Pyramid of Capitalist System, issued by Nedeljkovich, Brashick and Kuharich,
Cleveland: The International Publishing Co., 1911.
The drawing of the cake described below reminded me of this old, but still relevant, graphic.

Sokari describes the role of China in Africa:

China is doing to Africa what Europe and the US have been doing for 100s of years. Instead of joining in Western economic paranoia we should recognise this is merely an extension of colonialism / neo-colonialism and economic exploitation and deal with it as such. The US and the West have their own issues with China and to some extent this is played out on our soil. We should be seizing the time and using this as a weapon to ensure we get the best deal for our resources and citizens.

Recently the BBC reported on the Chinese in Angola.

It is not just the capital Luanda that has become a vast construction site. In the provinces too, blue-jacketed Chinese workers are ubiquitous, building roads, railways, and schools.

. . . all the materials from bags of cement to scaffolding poles have been imported from China.

Apart from the security guard at the gate and two Angolan women employed to wash vegetables and clean the latrines and bathroom, I see no local people here.

Since 2004, Angola has taken out $8-12bn in loans from China. Thanks to its huge oil deposits in the Gulf of Guinea, the former Portuguese colony has become China’s biggest African trading partner.

In exchange for Angola’s oil, energy-hungry China is helping to repair the country’s infrastructure.

Although Beijing insists its credit comes with no strings attached, the deal in Angola is that 70% of tenders for public works must go to Chinese firms.

That means tens of thousands of jobs here for Chinese workers, engineers, planners – and even doctors.
. . .
But the lack of jobs for Angolans in Chinese firms is causing increasing resentment in a country suffering from chronic unemployment after nearly three decades of war.

Because of its oil and diamonds, and a projected economic growth of 24% this year, Angola looks rich on paper. But most people live in abject poverty.
. . .
But why do we need to import unskilled labour from China ” . . .
“It doesn’t make any sense.”

It looks like Angola is not doing much to get the most for either its resources or citizens. But it is hardly alone. And this pattern of aid tied to exclusive contracts is one the west has employed for decades.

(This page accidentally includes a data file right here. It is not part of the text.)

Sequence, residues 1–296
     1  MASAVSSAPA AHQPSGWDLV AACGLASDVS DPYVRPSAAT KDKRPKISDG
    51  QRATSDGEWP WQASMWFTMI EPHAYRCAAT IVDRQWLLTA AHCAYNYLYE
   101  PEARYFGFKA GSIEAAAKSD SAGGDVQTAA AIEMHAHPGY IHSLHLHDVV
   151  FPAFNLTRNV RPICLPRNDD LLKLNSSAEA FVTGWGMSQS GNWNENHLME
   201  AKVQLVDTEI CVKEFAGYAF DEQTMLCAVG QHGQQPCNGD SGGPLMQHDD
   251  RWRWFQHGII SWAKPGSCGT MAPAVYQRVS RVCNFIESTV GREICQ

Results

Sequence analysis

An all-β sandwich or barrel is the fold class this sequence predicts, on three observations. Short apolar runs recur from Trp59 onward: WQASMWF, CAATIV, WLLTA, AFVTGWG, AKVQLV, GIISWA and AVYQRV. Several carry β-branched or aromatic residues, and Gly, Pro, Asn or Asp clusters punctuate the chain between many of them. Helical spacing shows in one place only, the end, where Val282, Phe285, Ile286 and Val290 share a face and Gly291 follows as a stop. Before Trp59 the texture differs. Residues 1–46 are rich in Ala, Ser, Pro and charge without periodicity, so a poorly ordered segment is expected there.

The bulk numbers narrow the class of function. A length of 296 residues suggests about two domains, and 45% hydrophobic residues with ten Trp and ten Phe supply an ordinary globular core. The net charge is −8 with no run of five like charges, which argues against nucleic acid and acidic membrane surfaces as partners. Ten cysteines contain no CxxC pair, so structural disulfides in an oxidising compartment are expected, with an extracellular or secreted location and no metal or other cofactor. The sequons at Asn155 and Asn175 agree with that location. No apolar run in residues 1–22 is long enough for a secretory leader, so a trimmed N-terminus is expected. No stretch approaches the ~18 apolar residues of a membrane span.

Nicholas Shaxson spoke with a local journalist in the Congo Republic (Congo Brazzaville) and relates the conversation:

A local journalist does not see two worlds, but several. On a beer mat he draws a cake, shading each layer. “On the bottom: we, the Congolese. Next up, traders: Nigerians, Senegalese, and Malians. You have rich boutiques: the Mauritanians. Then, Lebanese and Indians; then, higher up, French businesses.” He puts a final layer of icing on top, and shades it black. “The Mafia. Congolese, French, all nationalities. They rule!” He adds little arrows, pointing at each layer. “The Chinese … they are now coming in at all levels. In photocopy shops, construction, and soon oil. They start on one level; in six months they are up at the next. They will be at the top now for sure.” A friend of his expands the point. “The democracies have mafialike things they want to do, but cannot do at home. So they come and do them here, chez nous.”
(Poisoned Wells: The Dirty Politics of African Oil, by Nicholas Shaxson, p.117, ISBN 978-1403971944

I would amend the journalist’s statement in only one respect, the democracies he refers to might more accurately be referred to as the capitalists. Where there is some practice of democracy, there are some controls on capitalism, and some accountability. Without at least minimal checks and balances of actual democracy, capitalism is exactly the same thing as gangsterism, exactly the same as the mafia the journalist describes. Capitalists are attracted to Africa both by resources, and lack of accountability. (To state the obvious, a country calling itself a democracy still does not necessarily practice democracy.) As a matter of policy China has embraced capitalism and rejected democracy. So far as I know China does not preach, or claim to practice democracy abroad. China comes to trade, take advantage of resources, and provide the most opportunity for Chinese people. Chinese labour practices and environmental practices are appalling, and have already created angry reactions in African countries. African countries need to look out for themselves, managing their resources to provide the most opportunity for their own people. African governments should be able to take advantage of the rivalries between China and the west to serve African advantage.

As Sokari says:

We should be seizing the time and using this as a weapon to ensure we get the best deal for our resources and citizens.